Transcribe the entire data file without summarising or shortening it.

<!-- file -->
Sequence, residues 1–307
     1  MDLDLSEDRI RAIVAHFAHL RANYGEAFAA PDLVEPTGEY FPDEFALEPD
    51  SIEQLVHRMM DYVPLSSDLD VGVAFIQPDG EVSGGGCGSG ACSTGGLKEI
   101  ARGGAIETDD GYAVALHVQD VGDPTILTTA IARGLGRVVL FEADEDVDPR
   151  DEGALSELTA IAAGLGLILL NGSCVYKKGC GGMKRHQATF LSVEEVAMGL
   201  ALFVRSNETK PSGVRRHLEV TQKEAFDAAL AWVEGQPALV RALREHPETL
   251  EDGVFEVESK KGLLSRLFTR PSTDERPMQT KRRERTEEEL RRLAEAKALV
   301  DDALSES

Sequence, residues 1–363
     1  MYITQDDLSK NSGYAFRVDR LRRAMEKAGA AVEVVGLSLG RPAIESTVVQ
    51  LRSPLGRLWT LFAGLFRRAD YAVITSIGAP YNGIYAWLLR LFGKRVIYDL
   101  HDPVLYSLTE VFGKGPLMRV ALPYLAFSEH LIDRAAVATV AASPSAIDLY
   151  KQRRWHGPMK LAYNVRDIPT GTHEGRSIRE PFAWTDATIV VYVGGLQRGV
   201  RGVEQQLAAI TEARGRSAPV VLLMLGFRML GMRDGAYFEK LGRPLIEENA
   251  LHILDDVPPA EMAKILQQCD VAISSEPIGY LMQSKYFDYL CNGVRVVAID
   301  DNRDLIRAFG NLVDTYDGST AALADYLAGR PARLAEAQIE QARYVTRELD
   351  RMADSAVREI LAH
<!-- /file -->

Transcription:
Sequence, residues 1–307
     1  MDLDLSEDRI RAIVAHFAHL RANYGEAFAA PDLVEPTGEY FPDEFALEPD
    51  SIEQLVHRMM DYVPLSSDLD VGVAFIQPDG EVSGGGCGSG ACSTGGLKEI
   101  ARGGAIETDD GYAVALHVQD VGDPTILTTA IARGLGRVVL FEADEDVDPR
   151  DEGALSELTA IAAGLGLILL NGSCVYKKGC GGMKRHQATF LSVEEVAMGL
   201  ALFVRSNETK PSGVRRHLEV TQKEAFDAAL AWVEGQPALV RALREHPETL
   251  EDGVFEVESK KGLLSRLFTR PSTDERPMQT KRRERTEEEL RRLAEAKALV
   301  DDALSES

Sequence, residues 1–363
     1  MYITQDDLSK NSGYAFRVDR LRRAMEKAGA AVEVVGLSLG RPAIESTVVQ
    51  LRSPLGRLWT LFAGLFRRAD YAVITSIGAP YNGIYAWLLR LFGKRVIYDL
   101  HDPVLYSLTE VFGKGPLMRV ALPYLAFSEH LIDRAAVATV AASPSAIDLY
   151  KQRRWHGPMK LAYNVRDIPT GTHEGRSIRE PFAWTDATIV VYVGGLQRGV
   201  RGVEQQLAAI TEARGRSAPV VLLMLGFRML GMRDGAYFEK LGRPLIEENA
   251  LHILDDVPPA EMAKILQQCD VAISSEPIGY LMQSKYFDYL CNGVRVVAID
   301  DNRDLIRAFG NLVDTYDGST AALADYLAGR PARLAEAQIE QARYVTRELD
   351  RMADSAVREI LAH